NextGen: Young entrepreneur Pranadhi Koradia on the family business and quarantining in India

NextGen: Young entrepreneur Pranadhi Koradia on the family business and quarantining in India

Southeast Michigan native Pranadhi Koradia, chief operations officer of Transphere, talks to the Indian SCENE about her business goals, non-profit work and what life is like in India right now.

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From Vadodara, Gujarat, where a three week visit has been unexpectedly extended into two months of quarantine, Southeast Michigan native Pranadhi Koradia, the chief operations officer of Transphere, a logistic and shipping company her parents founded over 30 years ago, talked to the Indian SCENE about her business goals, non-profit work and what life is like in India right now. (“Indians and social-distancing, she jokes. “I mean, clearly the world has been turned upside down.”)

This interview has been lightly edited and condensed for clarity.

The Indian SCENE: Tell me about yourself.

Pranadhi Koradia: Hello! My name is Pranadhi Koradia. I am a second-generation Indian-American born and brought up in Southeast Michigan.

I grew up in a joint family with parents and grandparents from Gujarat, who played a big role in keeping me connected to my Indian background. I grew up learning Bharatnatyam, watching Hindi movies, going to Garbas, attending Jain Temple events, and visiting India every year.

Southeast Michigan is a place with such a solid community of people that worked hard to give 2nd generation kids a platform to learn about and partake in Indian traditions and festivals.

This exposure allowed me to feel just as comfortable in India as I am in America, and I find it is such a gift to be able to call two (vastly different) places “home.”

“I grew up learning Bharatnatyam, watching Hindi movies, going to Garbas, attending Jain Temple events, and visiting India every year.” (Photos courtesy of Pranadhi Koradia)

IS: I know that you are currently in India with your grandmother. What’s the quarantine been like for this of you there and how has it impacted your work?

PK: Yes, I reached India in the beginning of March for what was supposed to be a 3.5-week trip. I had meetings scheduled in different cities, but was only able to make it to one before the situation worsened and borders closed. I am now stationed in Vadodara.

My grandmother lives here, so at least one family member is with her throughout the year.  Since we are regularly visiting, I am set up to work remotely. I can continue monitoring ongoing projects, but many plans have been put on hold until the situation and its impact become more clear.

As a business owner (and in general), this global crisis has been such a glaring reminder of the importance of strong leadership in an organization. After seeing the responses by different governments worldwide, it’s become apparent that access to a wealth of resources does not necessarily determine successful outcomes. Tools are only as valuable and effective as the hands that wield them.

Even with less resources, when leaders act with responsibility, foresight, and decisiveness, and are backed by a competent and qualified team, positive results are still attainable.  Furthermore, it has shown me how being “in-touch” at a ground level, and creating a sense of solidarity is key in effectively problem-solving.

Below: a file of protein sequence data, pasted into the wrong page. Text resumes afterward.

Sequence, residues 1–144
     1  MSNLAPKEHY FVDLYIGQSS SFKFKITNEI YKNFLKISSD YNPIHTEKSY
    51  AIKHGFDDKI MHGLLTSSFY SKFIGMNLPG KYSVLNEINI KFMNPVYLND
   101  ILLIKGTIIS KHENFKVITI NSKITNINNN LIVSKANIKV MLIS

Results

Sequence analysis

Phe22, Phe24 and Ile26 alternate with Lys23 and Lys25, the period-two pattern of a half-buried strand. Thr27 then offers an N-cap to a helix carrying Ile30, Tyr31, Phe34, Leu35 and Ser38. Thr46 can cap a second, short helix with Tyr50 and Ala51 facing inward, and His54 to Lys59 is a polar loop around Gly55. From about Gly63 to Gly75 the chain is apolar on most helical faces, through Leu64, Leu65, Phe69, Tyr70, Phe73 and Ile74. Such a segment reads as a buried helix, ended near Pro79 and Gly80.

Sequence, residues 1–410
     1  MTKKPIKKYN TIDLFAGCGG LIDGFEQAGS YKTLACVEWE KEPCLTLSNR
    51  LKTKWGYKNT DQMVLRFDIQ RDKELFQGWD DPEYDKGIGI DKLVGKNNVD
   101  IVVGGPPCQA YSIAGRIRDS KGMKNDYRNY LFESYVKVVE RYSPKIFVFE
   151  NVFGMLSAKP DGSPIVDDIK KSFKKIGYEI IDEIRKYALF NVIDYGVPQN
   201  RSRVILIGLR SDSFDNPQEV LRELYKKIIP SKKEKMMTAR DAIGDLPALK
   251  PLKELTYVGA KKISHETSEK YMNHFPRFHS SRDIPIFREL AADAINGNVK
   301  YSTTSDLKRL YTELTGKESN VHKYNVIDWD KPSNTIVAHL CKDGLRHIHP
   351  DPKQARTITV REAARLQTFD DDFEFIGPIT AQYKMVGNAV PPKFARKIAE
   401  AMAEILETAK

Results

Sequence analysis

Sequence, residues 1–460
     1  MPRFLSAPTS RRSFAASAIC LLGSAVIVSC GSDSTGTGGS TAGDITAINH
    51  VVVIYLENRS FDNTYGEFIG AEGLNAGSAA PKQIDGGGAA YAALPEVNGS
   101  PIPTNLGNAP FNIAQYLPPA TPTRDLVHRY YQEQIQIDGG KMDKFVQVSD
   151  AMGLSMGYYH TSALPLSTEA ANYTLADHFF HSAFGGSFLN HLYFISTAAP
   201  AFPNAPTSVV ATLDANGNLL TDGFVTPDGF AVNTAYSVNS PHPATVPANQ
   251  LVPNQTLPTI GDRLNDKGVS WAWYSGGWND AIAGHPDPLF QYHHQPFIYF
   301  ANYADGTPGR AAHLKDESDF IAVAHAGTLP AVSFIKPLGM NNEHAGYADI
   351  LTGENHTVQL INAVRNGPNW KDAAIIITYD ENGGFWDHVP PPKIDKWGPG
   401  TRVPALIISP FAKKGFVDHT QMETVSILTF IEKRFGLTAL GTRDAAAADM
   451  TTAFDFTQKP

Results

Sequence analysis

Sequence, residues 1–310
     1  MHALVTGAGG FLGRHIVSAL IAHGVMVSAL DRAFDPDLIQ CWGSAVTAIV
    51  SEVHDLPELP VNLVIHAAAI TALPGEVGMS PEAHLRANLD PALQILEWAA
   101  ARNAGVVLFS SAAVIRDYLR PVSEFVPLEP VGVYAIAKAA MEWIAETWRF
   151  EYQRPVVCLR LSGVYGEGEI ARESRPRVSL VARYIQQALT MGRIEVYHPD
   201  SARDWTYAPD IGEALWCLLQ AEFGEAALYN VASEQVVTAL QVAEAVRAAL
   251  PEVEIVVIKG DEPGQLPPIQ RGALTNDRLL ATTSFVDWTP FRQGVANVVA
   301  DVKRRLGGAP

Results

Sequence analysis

Koradia and her grandmother. (Photos courtesy of Pranadhi Koradia)

IS: How has the quarantine affected your experience in India? Can you describe what it looks like on the streets and how people are responding to the pandemic?

PK: It has been such a unique experience in India. I could never have imagined the streets empty, devoid of the rush of people and sounds of honking horns. The animals roaming freely is the only enduring feature right now, haha. The cows and dogs must be so confused!

The people’s response to the quarantine has definitely been impressive so far in Vadodara. Everyone quickly accepted and adapted to the lockdown instructions. The government started to spread awareness at the beginning of March with a PSA during every outgoing phone call educating the masses on the situation and precautions to take. 2 days before the official twenty-one day quarantine, there was a 14-hour lock down intended as a trial so people could get accustomed and prepare for what was to come, and the government could gauge cooperation.

Now the police heavily monitor the streets, essential stores set-up delivery services and limit the number of people permitted to enter their shops,  and the majority of people are adhering to the social distancing rules. Indians and social-distancing— I mean, clearly the world has been turned upside down.

IS: You are the COO of Transphere. What is the nature of your family business and how were you appointed as the one to lead it?

PK: Transphere Inc. is an international freight-forwarding company that handles the logistics of all types of cargo (personal, commercial, and relief) to/from all parts of the world. My parents started the company a little over 30 years ago, and I joined in 2011 after graduating from college, where I studied Economics and Psychology, and minored in International Studies at the University of Michigan. 

I began working at an entry level position, learning the ABCs of freight-forwarding. Once I understood the company’s system of operating,  I suggested new processes and softwares that could streamline the work. It was definitely a perk of working with family that I had the opportunity to easily share and test out ideas.

Many times working in established businesses, introducing changes that disrupt the current system is met with resistance. I did face this in the beginning and could empathize. But, as the saying goes, “The 7 most expensive words in business are: ‘We have always done it that way!’” I chose to integrate the changes slowly, which eliminated redundancies and minimized room for errors.